BRUCE GREENWALD 00:00
Do you prefer to be a generalist or a specialist investor and would one work better in the Chinese market than another?
LI LU 00:11
Well, in a sense, you always want to be a generalist in terms of a student of businesses that you’re interested.
You know, you have to have – To be good at this game, you have to have the innate intensive curiosity about a business, all kinds of businesses. It doesn’t mean you’re going to really, really get to the bottom of it. Oftentimes, you don’t if you’re honest with yourself.
But by the time you really get into the companies you really decided to invest, you really better become a true specialist. And to the point you really know, hopefully better than anybody in the world you can find, including the top management team.
And the top management team, because they manage the company, they tend to be deeply personally vested in their own biases and may not be able to look at the business as objectively, rationally as you do. And so that’s really the test. So you want to be a true specialist in the company you chose to really invest.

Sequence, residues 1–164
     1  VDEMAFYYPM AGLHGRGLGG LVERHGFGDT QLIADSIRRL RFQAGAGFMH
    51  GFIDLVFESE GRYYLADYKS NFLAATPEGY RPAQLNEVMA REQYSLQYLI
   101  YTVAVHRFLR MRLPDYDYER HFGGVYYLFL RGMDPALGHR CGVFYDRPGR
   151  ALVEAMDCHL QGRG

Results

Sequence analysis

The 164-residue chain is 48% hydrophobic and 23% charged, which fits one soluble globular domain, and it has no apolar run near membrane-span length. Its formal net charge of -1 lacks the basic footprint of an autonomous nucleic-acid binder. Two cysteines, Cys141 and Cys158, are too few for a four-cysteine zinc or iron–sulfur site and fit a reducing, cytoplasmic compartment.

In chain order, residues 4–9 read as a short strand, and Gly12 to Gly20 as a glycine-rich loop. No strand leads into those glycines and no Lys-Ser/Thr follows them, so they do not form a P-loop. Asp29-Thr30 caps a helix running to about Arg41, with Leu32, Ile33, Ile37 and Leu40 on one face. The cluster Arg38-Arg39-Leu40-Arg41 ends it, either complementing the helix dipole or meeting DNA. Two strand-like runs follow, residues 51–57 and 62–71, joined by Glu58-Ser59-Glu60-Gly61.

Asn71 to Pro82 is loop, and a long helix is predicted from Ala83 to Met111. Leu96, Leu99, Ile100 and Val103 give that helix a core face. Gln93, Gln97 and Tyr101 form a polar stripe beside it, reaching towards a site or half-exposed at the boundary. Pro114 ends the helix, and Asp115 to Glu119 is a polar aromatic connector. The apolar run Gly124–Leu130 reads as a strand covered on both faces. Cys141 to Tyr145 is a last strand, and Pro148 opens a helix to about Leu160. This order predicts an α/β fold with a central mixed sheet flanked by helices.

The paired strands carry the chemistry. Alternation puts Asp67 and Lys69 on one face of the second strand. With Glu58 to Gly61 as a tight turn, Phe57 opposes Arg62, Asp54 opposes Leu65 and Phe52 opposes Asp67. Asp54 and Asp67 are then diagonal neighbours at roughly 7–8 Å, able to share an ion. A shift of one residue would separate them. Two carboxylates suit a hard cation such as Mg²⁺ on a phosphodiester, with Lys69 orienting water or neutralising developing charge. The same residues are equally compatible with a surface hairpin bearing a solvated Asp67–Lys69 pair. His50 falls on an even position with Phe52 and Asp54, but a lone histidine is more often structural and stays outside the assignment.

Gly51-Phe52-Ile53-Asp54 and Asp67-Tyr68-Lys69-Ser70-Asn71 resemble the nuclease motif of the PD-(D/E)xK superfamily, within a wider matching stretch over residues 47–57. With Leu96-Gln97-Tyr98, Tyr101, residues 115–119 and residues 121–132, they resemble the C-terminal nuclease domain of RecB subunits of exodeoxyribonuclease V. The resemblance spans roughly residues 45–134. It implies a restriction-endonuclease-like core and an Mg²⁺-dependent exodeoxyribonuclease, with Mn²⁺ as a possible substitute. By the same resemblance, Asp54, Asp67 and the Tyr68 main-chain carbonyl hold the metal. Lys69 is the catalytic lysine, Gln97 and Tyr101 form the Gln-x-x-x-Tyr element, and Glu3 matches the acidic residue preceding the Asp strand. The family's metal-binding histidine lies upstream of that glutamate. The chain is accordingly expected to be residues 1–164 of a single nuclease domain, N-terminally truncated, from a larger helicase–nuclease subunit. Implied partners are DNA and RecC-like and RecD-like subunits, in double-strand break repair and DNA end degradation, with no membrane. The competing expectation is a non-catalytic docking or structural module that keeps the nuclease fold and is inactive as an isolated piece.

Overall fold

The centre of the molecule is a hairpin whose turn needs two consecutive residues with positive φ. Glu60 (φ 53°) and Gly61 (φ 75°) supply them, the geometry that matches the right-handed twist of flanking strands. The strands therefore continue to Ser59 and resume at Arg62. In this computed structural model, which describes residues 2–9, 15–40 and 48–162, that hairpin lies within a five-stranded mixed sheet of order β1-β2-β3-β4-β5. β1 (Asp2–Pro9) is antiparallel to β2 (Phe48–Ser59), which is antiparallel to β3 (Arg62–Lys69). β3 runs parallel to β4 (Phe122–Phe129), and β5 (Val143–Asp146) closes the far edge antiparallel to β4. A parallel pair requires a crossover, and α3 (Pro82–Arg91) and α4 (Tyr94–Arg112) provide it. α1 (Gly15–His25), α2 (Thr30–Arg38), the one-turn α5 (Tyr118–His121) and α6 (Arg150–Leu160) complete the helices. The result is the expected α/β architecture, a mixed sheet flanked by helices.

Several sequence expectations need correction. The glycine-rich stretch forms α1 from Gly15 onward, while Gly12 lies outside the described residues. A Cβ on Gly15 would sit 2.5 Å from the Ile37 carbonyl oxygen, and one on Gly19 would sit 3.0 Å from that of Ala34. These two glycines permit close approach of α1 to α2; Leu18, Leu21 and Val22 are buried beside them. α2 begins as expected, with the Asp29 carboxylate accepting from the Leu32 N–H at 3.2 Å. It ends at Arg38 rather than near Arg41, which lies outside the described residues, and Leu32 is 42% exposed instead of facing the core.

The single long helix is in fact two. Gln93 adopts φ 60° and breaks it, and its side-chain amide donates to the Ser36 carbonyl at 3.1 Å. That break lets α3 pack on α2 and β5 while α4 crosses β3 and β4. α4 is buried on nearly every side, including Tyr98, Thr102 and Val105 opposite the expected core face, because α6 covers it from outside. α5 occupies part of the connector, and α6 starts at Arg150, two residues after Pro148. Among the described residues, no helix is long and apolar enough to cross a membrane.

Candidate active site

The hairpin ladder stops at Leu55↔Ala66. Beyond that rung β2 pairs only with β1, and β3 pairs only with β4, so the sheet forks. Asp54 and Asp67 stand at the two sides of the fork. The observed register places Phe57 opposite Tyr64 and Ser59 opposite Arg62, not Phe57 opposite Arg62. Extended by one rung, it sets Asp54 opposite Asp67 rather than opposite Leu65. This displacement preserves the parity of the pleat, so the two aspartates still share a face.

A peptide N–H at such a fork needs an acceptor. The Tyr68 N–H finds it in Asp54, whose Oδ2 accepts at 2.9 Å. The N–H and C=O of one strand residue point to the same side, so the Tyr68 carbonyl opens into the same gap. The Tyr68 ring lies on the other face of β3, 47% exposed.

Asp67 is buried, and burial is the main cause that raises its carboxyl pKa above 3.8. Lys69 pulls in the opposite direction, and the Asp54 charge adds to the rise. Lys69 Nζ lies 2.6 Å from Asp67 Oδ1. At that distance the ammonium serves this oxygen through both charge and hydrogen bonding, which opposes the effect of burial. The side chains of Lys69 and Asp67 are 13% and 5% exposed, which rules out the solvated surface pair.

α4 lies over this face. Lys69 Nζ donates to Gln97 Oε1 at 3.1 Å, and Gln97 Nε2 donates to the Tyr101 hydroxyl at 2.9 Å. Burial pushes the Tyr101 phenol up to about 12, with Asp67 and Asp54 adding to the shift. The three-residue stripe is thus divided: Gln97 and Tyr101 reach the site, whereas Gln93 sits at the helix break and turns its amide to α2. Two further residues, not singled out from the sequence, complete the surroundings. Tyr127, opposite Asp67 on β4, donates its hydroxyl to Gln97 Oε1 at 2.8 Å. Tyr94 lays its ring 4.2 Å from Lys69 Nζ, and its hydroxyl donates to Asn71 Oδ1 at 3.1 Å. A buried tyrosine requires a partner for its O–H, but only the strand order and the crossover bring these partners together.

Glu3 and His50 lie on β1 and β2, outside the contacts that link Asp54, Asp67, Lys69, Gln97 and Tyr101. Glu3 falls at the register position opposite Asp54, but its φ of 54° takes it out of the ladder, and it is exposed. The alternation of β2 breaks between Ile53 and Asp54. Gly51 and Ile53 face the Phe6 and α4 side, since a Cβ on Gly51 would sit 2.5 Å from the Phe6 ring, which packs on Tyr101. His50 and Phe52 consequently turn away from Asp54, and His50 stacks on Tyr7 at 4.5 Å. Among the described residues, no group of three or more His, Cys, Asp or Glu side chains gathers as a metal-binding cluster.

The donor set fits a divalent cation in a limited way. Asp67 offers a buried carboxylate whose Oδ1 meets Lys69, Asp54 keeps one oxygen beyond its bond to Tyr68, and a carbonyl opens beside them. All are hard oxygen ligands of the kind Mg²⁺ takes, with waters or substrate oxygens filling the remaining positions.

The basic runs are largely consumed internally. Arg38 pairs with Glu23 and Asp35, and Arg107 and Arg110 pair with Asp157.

You want to be a generalist always of business in general, so that your core competence, your circle of competence is constantly evolving and enlarging over time. If I still really – know what I knew when I started my first took your class or when you first invested with me, we would not really have anywhere near the results that we both enjoyed, so luckily we continue to expand and we continue to learn.
But on the other hand, it is fascinating to see that how business evolved over the last few decades will continue to evolve in the next few decades. And that really makes me feel that, boy, I am lucky to choose this field that I get paid to really satisfy my curiosity and to learn all those great people and great enterprises serving society. So I feel happy every day doing what I do.